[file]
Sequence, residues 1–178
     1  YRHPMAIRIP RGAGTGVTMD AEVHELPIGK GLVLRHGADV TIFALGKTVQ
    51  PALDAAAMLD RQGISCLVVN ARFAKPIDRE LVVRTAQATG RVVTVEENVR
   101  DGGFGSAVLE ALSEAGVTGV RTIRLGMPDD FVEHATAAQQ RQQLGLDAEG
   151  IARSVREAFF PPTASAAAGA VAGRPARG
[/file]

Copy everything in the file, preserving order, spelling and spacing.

Sequence, residues 1–178
     1  YRHPMAIRIP RGAGTGVTMD AEVHELPIGK GLVLRHGADV TIFALGKTVQ
    51  PALDAAAMLD RQGISCLVVN ARFAKPIDRE LVVRTAQATG RVVTVEENVR
   101  DGGFGSAVLE ALSEAGVTGV RTIRLGMPDD FVEHATAAQQ RQQLGLDAEG
   151  IARSVREAFF PPTASAAAGA VAGRPARG